In case you haven’t heard, America officially became a Black Mirror style dystopia in December 2017 when the Federal Communications Commission voted to repeal net neutrality. Resistance to the verdict continues to rage on in the US, with Montana governor Steve Bullock recently declaring that no one in his state will be charged extra or blocked from accessing web pages. But is he fighting a losing battle?
Experts have predicted that changes won’t start until resistance dies down later in the year. Then, access to content which threatens online giants such as Facebook and Netflix (who can pay the FCC) will be slowed down and throttled.
This change could easily filter through the rest of the world – particularly if it isn’t met with resistance. EU legislation currently maintains neutrality, but the movement already has some powerful supporters. German chancellor Angela Merkel called for the splitting of internet services in 2014: one for a free internet and the other for so-called special services.
Ending net neutrality would have a huge impact upon hiring trends. Let’s take a look at some of the potential results.
Less Retail Employment
Are you a fan of buying clothes online? Purchasing directly from retailers’ websites will become a thing of the past once the likes of Amazon are prioritised by the FCC. These web giants will presumably consume other popular shopping platforms. As a result, companies’ online profits will dwindle, making more employment opportunities unlikely. However, this will also result in huge expansions from the likes of eBay.
Less employment in creative industries
These days most artists rely heavily upon the internet to promote work. However once changes come into effect, establishing a career will be much more difficult. For instance, new bands may struggle to pay expensive overheads – as members, managers and booking agents all need full internet access. Getting new listeners will be more difficult too, as streaming services like Spotify become restricted to a much smaller group of artists. Therefore, we can expect far less jobs in music and similar industries.
Creation of new internet related jobs will stagnate
Over the years, thousands of jobs were replaced by the internet (R.I.P print media). However, it has also undeniably created far more new roles. Examples include web developers, search engine optimisation experts, social media managers, app developers and of course, bloggers. Once post neutrality changes happen, there will be far less sector opportunities as internet usage becomes more focused and restrictive. Big internet corporations will also invest less in the creation of these roles as less competition will reduce the incentive for innovation.
We spoke to Ryan Singel from Wired.com on how repealing net neutrality will affect internet jobs.
“The point of the net neutrality repeal in the U.S. is to allow Internet Service Providers (ISPs) to find ways to tax the companies and markets that rely on the internet. This will have the effect of raising the price for any business to have a website, build an app, etc. If you raise that cost, there’s fewer new apps left and less money in aggregate to hire online experts. So yes, I do believe that the repeal of net neutrality in the long term will adversely affect the growth of internet specialists – especially those who work on the long tail”.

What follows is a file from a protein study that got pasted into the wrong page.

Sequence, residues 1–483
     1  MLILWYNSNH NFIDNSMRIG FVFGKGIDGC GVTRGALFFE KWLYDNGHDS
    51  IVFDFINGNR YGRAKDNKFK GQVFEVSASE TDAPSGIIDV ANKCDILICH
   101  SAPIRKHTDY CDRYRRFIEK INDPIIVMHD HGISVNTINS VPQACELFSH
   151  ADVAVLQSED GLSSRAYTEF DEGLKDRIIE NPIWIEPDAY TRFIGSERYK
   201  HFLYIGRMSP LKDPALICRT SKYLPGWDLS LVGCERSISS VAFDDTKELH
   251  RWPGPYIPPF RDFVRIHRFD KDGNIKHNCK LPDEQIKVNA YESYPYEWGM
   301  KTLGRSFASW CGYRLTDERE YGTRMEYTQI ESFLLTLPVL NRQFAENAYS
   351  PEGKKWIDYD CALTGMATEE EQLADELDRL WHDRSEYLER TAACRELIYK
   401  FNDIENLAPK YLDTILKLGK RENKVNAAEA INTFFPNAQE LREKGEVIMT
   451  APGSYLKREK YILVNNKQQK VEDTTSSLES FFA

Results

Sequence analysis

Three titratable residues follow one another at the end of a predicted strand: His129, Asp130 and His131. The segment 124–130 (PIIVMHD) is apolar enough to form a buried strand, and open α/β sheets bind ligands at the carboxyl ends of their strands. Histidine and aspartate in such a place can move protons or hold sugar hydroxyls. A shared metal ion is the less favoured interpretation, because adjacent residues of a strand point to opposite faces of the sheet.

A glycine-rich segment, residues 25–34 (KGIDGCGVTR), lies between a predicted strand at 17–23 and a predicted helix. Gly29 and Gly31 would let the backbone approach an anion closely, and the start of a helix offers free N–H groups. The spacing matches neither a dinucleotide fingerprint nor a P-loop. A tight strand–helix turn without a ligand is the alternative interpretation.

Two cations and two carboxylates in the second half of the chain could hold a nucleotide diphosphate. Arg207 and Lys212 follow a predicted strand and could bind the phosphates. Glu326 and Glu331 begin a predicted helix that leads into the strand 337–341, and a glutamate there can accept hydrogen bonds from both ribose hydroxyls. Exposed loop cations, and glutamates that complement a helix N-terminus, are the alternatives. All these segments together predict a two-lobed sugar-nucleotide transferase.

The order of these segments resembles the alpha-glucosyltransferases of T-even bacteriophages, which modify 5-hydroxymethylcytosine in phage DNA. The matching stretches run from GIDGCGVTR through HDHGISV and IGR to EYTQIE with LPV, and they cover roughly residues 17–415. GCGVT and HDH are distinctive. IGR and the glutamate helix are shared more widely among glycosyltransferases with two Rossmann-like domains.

Most startups that have been successful in the last 20 years have relied heavily upon the internet to provide and promote a service. After neutrality is removed, set up costs are to increase tenfold- meaning less ventures will be developed.
Having set up his own successful startup, Contextly, – Ryan can see the difficulties founders will now face without net neutrality in place;
“The reason that we’ve seen such an explosion in startups is that the cost of starting an app or an online service is extremely low. Anyone in the world can find your site because sites don’t have to pay fees to every ISP in the world. The site simply pays for its web hosting cost. Without net neutrality protections, ISPs can now do what they’ve wanted to do for more than a decade – charge any site any amount of money simply so that the site will load for that ISPs’ subscribers. This would be a radical upending of how the internet works. The FCC says not to worry because venture capitalists will pay those tolls for the companies they invest in; but that isn’t how investment has ever worked. Companies first need to get lots of users or paying customers before investors put money in – Facebook for instance started with an $85 a month server and didn’t take any investment until it had 250,000 users. Net neutrality protects startups and entrepreneurs – who operate in a very free market – from being taxed by ISPs that operate in a dysfunctional market where choice is extremely limited”.
More ISP employment
The removal of neutrality is in fact good news for some! Internet service providers are bound to profit and their influence increase (such as US providers Virgin Media and AT&T). ISPs will therefore experience massive growth and provide new job opportunities.